which is that the White House has never argued that Saddam was directly

involved in September 11th, correct?

THE VICE PRESIDENT: That’s correct. We had one report early on

from another intelligence service that suggested that the lead hijacker,

Mohamed Atta, had met with Iraqi intelligence officials in Prague,

Czechoslovakia. And that reporting waxed and waned where the degree of

confidence in it, and so forth, has been pretty well knocked down now at

this stage, that that meeting ever took place. So we’ve never made the

case, or argued the case that somehow Osama bin Laden [sic] was directly

involved in 9/11. That evidence has never been forthcoming. But there

— that’s a separate proposition from the question of whether or not

there was some kind of a relationship between the Iraqi government,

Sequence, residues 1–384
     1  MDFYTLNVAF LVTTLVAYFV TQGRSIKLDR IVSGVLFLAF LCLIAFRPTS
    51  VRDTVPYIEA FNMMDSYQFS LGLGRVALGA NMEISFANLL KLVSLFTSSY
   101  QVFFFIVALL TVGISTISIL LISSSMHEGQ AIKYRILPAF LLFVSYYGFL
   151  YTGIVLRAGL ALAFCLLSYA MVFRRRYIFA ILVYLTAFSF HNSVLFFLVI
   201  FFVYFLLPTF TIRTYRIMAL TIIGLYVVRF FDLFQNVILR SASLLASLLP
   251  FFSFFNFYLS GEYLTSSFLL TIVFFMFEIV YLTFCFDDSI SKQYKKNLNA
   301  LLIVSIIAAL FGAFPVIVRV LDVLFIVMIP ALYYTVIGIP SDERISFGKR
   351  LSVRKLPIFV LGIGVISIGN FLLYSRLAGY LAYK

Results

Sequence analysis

Iraqi intelligence services and the al Qaeda organization.

Q Democrats also argue that they’re going to improve

intelligence gathering, at the same time they have opposed the National

Security Agency’s previous program of trying to conduct surveillance on

electronic communications from al Qaeda — known al Qaeda operatives,

whether they’re abroad or in the United States, and people within the

United States. If that program had not been in place, would Americans

have died?

THE VICE PRESIDENT: That’s my opinion, Tony. I think, in fact,

the terrorist surveillance program has been very helpful in disrupting

attacks planned by the al Qaeda organization. I think it has, in fact,

saved lives.

The thing I’m intrigued by — they talk about wanting to improve

intelligence — one of their more prominent senators, Russ Feingold, has

introduced a resolution of censure, trying to censure the President

because he authorized this particular program. It’s a great program.

It’s very important to the safety and security of the United States. I

believe it has saved lives, and it ought to be supported, not


Q Would you like to see Senate leaders go ahead and call Senator

Feingold’s bluff by bringing his censure resolution to the floor for a


THE VICE PRESIDENT: Well, they’ve got to decide how they’re going